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What is exactly the difference between höhnen and verhöhnen, and also between spotten and verspotten? The differentiation in dictionaries is not clear, but I assume they are not the same thing in practice.

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The ver- variants are transitive:

  1. Er spottete über das neue Produkt.

  2. Er verspottete seinen Chef.

The transitive version feels more "personal", you'd probably use 1. for things (or maybe talking badly about someone behind their back), and 2. for people that are present. But that's just my feeling as a native speaker.

I'm not sure if I've heard höhnen (without ver) before.

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  • "höhnen" is a valid word and it is used, albeit the rarest of the four: books.google.com/ngrams/…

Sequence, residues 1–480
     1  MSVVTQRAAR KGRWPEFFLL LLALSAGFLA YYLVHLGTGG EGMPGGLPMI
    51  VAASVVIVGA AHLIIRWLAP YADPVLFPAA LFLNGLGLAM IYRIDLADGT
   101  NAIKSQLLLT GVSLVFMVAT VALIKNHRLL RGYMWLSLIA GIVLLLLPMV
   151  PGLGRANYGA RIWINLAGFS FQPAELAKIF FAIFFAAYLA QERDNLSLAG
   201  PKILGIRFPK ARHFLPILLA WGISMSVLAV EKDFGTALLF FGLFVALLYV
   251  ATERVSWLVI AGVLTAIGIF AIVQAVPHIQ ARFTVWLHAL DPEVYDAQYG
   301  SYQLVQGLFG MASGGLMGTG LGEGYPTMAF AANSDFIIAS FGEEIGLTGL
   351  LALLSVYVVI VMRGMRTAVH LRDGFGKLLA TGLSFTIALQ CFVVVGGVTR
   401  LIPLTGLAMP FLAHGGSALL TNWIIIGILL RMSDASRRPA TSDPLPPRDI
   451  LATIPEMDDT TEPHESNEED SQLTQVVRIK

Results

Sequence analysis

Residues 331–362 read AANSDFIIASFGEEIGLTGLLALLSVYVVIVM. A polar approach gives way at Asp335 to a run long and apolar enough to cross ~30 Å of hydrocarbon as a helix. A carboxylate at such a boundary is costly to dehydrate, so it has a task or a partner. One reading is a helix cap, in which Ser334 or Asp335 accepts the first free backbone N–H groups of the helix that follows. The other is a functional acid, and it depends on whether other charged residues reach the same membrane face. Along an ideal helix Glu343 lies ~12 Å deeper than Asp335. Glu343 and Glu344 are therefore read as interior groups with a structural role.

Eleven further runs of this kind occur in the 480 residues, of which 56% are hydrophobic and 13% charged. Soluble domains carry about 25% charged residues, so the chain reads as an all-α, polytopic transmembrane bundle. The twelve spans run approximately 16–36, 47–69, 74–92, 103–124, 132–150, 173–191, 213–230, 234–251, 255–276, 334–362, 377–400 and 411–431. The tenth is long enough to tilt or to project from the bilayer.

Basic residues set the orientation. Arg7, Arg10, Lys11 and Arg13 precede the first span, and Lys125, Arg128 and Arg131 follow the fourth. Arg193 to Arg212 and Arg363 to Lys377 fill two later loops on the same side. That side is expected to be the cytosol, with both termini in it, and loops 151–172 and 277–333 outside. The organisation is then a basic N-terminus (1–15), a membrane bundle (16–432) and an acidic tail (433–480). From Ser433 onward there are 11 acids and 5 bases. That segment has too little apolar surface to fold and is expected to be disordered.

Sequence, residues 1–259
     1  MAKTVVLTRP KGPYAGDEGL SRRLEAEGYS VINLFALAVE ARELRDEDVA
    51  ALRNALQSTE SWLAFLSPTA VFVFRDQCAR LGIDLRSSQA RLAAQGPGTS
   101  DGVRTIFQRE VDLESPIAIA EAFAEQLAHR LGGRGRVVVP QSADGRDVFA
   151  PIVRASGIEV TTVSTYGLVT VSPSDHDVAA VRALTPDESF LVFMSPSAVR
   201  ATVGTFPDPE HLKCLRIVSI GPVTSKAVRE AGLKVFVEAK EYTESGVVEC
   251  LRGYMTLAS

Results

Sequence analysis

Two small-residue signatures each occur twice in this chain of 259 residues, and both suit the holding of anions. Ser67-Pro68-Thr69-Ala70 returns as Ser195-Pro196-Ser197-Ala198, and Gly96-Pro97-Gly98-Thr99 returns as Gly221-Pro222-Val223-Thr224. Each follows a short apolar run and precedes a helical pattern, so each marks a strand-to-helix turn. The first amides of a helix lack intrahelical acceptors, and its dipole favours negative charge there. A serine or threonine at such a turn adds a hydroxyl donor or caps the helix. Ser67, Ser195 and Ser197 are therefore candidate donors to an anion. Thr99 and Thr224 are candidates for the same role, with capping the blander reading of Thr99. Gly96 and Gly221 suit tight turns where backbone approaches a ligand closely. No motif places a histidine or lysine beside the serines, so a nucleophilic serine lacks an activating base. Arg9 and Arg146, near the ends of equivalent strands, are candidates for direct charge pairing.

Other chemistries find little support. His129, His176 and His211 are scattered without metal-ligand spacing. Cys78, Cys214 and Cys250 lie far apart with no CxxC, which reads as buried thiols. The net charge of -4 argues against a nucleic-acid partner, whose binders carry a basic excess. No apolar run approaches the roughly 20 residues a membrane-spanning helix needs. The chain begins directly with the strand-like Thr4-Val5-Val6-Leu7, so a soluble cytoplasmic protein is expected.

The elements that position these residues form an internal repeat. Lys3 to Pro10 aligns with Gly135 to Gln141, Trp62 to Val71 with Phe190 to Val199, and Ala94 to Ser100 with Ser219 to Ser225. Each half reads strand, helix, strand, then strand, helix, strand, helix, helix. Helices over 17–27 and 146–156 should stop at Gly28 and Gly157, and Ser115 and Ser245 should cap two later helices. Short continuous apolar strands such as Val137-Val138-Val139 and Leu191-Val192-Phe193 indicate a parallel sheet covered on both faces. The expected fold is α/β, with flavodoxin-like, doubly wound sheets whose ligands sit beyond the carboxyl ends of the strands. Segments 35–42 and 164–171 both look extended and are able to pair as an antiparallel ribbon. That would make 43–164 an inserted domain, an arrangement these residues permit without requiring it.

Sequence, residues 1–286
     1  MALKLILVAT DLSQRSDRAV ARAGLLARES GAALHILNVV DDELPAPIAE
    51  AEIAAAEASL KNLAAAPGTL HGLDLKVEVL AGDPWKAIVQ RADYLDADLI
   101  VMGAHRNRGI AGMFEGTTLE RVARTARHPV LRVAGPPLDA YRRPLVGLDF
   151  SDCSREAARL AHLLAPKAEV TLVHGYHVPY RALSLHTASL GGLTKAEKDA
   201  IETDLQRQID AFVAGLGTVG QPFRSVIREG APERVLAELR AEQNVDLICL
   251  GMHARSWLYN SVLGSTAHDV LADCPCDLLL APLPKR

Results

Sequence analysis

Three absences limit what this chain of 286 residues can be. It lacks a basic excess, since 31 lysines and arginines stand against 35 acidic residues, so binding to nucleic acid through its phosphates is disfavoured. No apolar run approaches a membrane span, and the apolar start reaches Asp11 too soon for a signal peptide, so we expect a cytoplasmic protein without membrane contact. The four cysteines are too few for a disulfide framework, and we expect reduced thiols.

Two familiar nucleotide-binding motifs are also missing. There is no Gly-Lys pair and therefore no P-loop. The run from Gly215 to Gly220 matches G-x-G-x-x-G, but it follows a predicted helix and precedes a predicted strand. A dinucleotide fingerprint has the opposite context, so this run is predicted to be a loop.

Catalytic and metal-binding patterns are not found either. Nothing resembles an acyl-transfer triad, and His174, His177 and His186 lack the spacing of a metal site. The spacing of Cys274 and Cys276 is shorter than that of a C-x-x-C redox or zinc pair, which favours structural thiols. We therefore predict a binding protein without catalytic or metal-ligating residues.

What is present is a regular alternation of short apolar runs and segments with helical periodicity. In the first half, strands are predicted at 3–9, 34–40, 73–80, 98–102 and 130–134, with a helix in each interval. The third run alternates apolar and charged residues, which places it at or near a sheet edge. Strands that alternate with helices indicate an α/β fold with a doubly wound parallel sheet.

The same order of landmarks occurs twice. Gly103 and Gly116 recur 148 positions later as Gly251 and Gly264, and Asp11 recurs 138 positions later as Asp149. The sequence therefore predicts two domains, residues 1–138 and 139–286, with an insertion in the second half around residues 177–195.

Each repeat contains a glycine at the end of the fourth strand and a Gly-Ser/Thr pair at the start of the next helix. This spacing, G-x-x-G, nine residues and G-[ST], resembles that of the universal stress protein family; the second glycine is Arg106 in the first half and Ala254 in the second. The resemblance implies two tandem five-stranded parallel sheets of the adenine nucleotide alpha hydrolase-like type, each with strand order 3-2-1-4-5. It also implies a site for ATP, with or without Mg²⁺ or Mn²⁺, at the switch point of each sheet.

– Stephie
    Aug 12, 2015 at 5:17
  • The verb “höhnen” is usually found in written language, where it may serve as a more expressive alternative to more general or bland verbs like “sagen”, “rufen” or “schreien”. An example sentence could be: „‚Da kann ja meine Oma noch besser kämpfen!‘ höhnte er und ging zum Angriff über.“
    – Philipp
    Aug 12, 2015 at 8:58
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    It's wrth noting that "spotten" can be used with Genitive as well... Ich spotte seiner. Das spottet jeder Beschreibung.
    – Emanuel
    Aug 12, 2015 at 9:12
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    Though “spotten” may carry a (sometimes positive) notion of teasing, whereas I can’t think of “höhnen” as not being malicious.
    – Philipp
    Aug 12, 2015 at 9:14

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